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More Busts: QBs | RBs | WRs | TEs | Flop from all 32 teams
Risk management is fundamental to any fantasy football strategy. Hey, no one wants to endure heartbreak. To help owners avoid sob sessions we’ll unveil our top bust candidates position-by-position throughout the week. Friday’s topic: Tight ends.
Dalton – KYLE RUDOLPH (84.33 ADP, TE8). He’s a steady option on a strong offense that added Kirk Cousins during the offseason, but Rudolph’s draft price is too high. His 2016 looks increasingly like a big outlier season, as last year’s targets predictably regressed and fell by more than 50 while playing in all 16 games. With arguably the league’s top defense and WR duo in all of football, the situation isn’t ideal for Rudolph to see a bigger target share in 2018, especially with Dalvin Cook returning to the backfield. Rudolph will remain a red-zone threat, but last year’s modest 57 receptions and 532 receiving yards were both actually the second-highest marks of his career. I’d much rather gamble on the upside of Trey Burton or George Kittle, both of whom I have ranked higher.
Brad – ROB GRONKOWSKI (22.3 ADP, TE1). One gyration away from a permanent shelving, Gronk is the definition of “high risk/high reward.” No doubt when healthy he’s an untamed beast. The four-time All-Pro has scored 76 times in 102 games and finished No. 5 or better at the tight end position six times in eight seasons. Equally remarkable, his 14.7 fantasy points per game average in .5 PPR ranked No. 4 among tight ends and wide receivers in 2017, trailing only Antonio Brown, DeAndre Hopkins and Odell Beckham. With Julian Edelman sidelined for the season’s first four games and Tom Brady still performing at an elite level, many are willing to invest a Round 2 pick in Gronk’s services. To buyers, his red-zone potential is too mammoth to pass up.
However, Gronk sports multiple downsides. He suited up all 16 games in a season only twice and hasn’t logged a complete campaign since 2011. The punishment he absorbs is frequent, which accelerates the risk. What happens if he misses games during the fantasy playoffs? The odds of him standing on the sidelines in street clothes are rather substantial. It’s probably why the battered tight end flirted with retirement this past offseason. Tack on the Patriots’ desire to run the ball more and assuming Eric Decker, a premier red-zone threat during his heyday, carves out a role, Gronk loses some luster.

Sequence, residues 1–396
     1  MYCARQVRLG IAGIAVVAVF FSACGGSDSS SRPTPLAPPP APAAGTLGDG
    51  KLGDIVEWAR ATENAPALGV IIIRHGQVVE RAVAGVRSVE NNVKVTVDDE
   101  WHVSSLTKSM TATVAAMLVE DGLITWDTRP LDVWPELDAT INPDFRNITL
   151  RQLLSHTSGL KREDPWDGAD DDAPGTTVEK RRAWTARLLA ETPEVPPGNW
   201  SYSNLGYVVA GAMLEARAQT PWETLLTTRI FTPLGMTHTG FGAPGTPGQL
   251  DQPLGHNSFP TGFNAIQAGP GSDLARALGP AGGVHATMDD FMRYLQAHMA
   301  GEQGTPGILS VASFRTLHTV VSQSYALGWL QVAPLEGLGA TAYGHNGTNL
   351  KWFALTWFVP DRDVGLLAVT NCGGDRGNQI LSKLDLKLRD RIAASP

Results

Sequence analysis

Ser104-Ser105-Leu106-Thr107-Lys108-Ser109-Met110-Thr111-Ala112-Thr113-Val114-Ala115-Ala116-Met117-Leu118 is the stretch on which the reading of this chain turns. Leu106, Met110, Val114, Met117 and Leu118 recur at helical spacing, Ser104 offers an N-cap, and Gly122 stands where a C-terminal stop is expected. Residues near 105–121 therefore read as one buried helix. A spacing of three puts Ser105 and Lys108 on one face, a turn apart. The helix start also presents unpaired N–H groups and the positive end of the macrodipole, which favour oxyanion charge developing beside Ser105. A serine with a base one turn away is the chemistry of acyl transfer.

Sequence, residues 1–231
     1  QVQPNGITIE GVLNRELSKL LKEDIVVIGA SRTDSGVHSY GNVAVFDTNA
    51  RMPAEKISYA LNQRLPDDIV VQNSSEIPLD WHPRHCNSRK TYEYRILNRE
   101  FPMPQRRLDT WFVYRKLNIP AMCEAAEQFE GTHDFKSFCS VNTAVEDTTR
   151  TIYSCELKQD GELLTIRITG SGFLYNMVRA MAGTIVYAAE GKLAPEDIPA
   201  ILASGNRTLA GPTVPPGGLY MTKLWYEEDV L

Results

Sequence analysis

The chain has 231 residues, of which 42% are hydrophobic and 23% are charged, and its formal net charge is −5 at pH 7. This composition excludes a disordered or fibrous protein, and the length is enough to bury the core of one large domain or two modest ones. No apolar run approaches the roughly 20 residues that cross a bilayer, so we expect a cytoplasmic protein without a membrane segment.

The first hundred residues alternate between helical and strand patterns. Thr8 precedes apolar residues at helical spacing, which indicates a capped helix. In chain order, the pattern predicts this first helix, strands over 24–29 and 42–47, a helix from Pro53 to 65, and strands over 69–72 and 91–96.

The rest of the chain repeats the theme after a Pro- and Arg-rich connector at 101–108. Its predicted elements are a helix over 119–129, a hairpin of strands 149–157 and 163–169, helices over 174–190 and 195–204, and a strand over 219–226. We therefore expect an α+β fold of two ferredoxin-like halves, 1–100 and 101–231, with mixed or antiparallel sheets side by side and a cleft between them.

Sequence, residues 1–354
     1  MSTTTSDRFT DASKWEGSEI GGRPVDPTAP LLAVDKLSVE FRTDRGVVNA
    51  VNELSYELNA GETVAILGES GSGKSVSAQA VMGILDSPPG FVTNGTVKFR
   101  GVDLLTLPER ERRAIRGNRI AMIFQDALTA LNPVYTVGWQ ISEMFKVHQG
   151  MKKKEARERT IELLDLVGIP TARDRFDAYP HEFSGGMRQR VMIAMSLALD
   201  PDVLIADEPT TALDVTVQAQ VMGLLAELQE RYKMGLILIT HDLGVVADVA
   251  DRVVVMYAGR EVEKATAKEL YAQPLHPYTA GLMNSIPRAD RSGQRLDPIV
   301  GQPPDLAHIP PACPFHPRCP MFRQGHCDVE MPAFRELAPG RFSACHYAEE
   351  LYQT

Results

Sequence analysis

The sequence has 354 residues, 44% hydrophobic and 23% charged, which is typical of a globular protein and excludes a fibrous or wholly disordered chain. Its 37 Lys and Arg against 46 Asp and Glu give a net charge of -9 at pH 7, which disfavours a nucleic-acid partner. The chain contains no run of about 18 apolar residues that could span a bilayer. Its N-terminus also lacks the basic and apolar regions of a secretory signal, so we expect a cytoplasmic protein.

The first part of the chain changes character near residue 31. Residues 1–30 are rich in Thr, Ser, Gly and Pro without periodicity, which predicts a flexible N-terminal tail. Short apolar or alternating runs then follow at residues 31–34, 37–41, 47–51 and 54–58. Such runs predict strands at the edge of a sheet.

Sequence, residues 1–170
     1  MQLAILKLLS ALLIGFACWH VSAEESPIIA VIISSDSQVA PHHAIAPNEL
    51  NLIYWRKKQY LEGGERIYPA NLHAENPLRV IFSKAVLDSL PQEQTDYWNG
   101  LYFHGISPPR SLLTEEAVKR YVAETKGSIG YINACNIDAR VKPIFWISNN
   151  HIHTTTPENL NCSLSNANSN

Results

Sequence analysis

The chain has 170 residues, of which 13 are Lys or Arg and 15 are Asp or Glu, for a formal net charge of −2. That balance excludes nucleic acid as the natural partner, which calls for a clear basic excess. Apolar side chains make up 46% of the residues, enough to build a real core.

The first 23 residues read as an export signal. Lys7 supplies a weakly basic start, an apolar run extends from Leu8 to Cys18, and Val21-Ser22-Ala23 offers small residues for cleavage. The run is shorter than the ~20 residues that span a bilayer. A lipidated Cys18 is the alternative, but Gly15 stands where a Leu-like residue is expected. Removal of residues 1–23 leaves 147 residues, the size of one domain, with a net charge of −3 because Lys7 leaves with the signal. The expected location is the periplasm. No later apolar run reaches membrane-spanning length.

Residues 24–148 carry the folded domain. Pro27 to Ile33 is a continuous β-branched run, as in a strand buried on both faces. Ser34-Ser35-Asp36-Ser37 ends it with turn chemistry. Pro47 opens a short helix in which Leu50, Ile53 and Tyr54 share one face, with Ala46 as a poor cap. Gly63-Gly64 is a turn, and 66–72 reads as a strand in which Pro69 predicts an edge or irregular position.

Personally, within the top-24 picks of a draft, safety is the primary motivation. Gronk’s ceiling is astronomical, but his injury susceptibility is too chancy for my blood. Aim for discounted options like Delanie Walker, Trey Burton or George Kittle (Assuming the shoulder injury isn’t serious) some 50-80 picks later instead.
Scott – GREG OLSEN (ADP 67, TE6). Olsen missed nine games last year and had plenty of rust upon his return. A 44.7 percent catch rate, a modest 11.2 yards per grab, that’s not the Olsen we know. He only scored once in seven games, though he did post pinball stats in the playoff loss at New Orleans.
Olsen’s physical resume before last year’s busted foot might inspire confidence, but tight end is an attrition position and the NFL is, at most positions, a young-man’s game. If the room were willing to float me a discount on Olsen into his age-33 season, I might cut the check. Instead, he’s priced as if last year was smooth sailing.
The NFL fan in me wants to see Olsen make another Pro Bowl run, work on that Hall of Fame resume. I also eagerly anticipate his broadcasting career — he’s a natural in the booth, an insightful, thoughtful observer. But the pragmatist in me can’t pony up an expectant ADP, given his recent lost season and where he’s at in his career. Also consider the Panthers have multiple reinforcements joining the offense, including C.J. Anderson and D.J. Moore. More mouths to feed in Carolina this year.
Liz – TREY BURTON (ADP 84.2, TE9). Before anyone goes calling me a hypocrite, I fully admit to spending $17 on Burton in #StopaShiningArmor. In my defense, I threw out a big number hoping to tempt The Noise into overspending. For once, he showed a modicum of restraint.
I understand the former Eagle’s appeal. Matt Nagy clearly knows how to elevate the position, and even admitted that Burton would assume the Travis Kelce role in the Bears’ offense. But the Chiefs didn’t have as many mouths to feed.
And even if you want to yell about position scarcity, Chicago has a younger and bigger pass-catching TE named Adam Shaneen. In fact, Nagy praised Shaheen in May, noting his “natural hands” and how well he fits the team’s offense. While we all would love to see Burton absorb 120 targets, that sort of volume is unlikely.